Monday, January 30, 2012

From an Adopted Child

 This post is from Jenn at The Purposeful Mom .  I've been following her blog for several months now, and I was so excited when she agreed to write this post for me.  I hope you will visit her blog.  More about Jenn at the end of the article. 

Since the time I was a tiny baby, my parents shared with me that I was adopted. They brought me home as a three-week old infant and rejoiced in the child they had been longing for. My mother read me books about adoption, hung a precious framed print (words below) about adoption in my nursery and shared with friends and family how God blessed them with such a wonderful answer to prayer.

Found at:

I believe that my parents’ openness about my adoption helped me move smoothly through childhood with no doubts that my mom and dad loved me. I never had a moment where I believed I “wasn’t really theirs”. Often my mom would tell me that God had a very special plan for my life and that Jesus was adopted by Joseph, his earthly father. That may not have been a very doctrinally correct statement, but it gave me further confidence as a young child that being adopted was perfectly delightful!

One of my close friends was also adopted and when we were young, we would daydream about our birthmothers (strangely, we never wondered much about our birthfathers). We’d make up stories about how they could be beautiful models or famous movie stars! As I grew, my curiosity about my birthparents increased.

Because all adoptions were closed at the time I was born, identifying information about my birthparents was kept sealed until I turned 18 and could legally search for them. In high school my mom showed me a paper with the only information they knew which included medical history and generic information about my birthparents’ physical appearance. This intrigued me more, especially when I discovered that I was born just a couple of hours from our home!

Through a series of God-directed events, I was put in touch with my birthmother and birthfather. I received several letters from each of them and was privileged to meet my birthmother a short time later and we continue to have a good relationship. Sadly, my birthfather passed away before we could meet. I am so thankful for the chance we had to exchange letters before that time.

As an adopted child, I’m overjoyed to see couples following God’s leading in their life by bringing these precious children into their homes. Adoptive families come about in so many different ways and there are many challenging situations that parents need to approach with grace and compassion. I can’t know every situation, but I’d like to offer you four things to consider as you seek wisdom in raising your adopted child.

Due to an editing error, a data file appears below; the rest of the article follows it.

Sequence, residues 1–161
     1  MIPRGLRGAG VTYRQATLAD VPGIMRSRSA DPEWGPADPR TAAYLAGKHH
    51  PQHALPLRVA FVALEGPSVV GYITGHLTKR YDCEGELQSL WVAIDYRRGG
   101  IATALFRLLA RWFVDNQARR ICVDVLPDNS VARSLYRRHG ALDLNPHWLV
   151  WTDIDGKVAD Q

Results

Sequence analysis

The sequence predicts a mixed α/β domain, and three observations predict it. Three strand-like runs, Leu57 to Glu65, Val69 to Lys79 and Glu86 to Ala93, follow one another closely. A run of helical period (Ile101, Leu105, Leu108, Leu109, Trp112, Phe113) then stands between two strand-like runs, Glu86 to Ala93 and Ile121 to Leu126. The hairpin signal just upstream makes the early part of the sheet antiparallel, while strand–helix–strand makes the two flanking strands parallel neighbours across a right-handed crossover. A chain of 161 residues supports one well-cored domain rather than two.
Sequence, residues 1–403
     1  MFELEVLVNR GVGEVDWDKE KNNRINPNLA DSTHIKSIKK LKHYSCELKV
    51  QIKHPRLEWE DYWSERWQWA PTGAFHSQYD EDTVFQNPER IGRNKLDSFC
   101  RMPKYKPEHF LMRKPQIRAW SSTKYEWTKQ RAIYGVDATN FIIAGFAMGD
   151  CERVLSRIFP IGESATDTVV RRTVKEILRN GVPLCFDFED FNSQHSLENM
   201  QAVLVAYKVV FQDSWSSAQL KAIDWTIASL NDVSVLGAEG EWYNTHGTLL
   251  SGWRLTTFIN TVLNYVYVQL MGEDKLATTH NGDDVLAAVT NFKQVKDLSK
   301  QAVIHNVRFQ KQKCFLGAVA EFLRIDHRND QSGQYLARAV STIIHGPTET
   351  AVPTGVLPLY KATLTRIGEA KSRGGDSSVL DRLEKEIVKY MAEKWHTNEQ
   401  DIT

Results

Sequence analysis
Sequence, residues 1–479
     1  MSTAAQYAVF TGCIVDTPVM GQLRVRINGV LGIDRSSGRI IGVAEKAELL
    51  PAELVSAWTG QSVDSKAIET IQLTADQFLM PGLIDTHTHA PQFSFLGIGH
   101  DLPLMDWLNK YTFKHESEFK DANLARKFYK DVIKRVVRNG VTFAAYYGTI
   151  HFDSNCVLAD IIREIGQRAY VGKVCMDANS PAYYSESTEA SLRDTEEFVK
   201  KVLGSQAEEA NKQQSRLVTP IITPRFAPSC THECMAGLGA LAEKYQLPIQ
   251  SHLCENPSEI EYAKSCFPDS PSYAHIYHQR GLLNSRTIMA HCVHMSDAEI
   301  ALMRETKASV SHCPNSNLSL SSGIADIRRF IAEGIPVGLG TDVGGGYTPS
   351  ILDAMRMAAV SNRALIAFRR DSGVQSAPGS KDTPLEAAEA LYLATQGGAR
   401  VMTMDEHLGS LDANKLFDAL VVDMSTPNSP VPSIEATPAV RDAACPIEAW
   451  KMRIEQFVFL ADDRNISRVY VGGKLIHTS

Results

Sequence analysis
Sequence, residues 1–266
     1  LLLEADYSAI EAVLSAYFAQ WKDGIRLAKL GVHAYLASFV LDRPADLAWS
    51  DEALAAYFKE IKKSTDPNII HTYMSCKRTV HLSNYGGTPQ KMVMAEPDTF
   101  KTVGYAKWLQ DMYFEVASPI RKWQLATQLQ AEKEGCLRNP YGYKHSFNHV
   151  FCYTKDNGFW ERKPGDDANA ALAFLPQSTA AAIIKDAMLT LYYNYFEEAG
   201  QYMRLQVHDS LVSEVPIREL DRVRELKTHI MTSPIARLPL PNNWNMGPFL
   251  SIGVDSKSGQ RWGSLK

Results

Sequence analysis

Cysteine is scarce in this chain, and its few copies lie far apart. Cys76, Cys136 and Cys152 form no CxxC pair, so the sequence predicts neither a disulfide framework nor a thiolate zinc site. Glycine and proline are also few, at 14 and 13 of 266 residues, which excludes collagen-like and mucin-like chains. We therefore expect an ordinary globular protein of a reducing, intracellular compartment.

Affirm Their Identity in Christ

As Christian parents, our primary desire for our children is for them to “grow in the grace and knowledge of our Lord and Savior Jesus Christ” (2 Peter 3:18) and to be confident in their identity in Christ as they grow up. Many times, children are adopted out of difficult or even dangerous circumstances, leaving them with a sense of confusion about who they are or what they will become. They may not share these feelings with you at first! So I truly believe that it is essential to purposefully teach them that their future is not determined by the situation they were born into but rather by a God who has ordained all their days!

Treat Them as Part of the Family

Perhaps this goes without saying, but it’s important to treat your adopted child as a member of your family! Have you ever seen the “leg” on a large farm bin (photo below)? Take care not to make them a “leg”-- an extension of your family and yet not a complete part. I know that this is never a parent’s intent but it can happen in subtle ways that can frustrate an adopted child. In my own life I have known mothers who make a point of saying emphatically, “This is my daughter Jane, adopted from ________.” I feel great care should be taken in how one introduces their adopted child to others.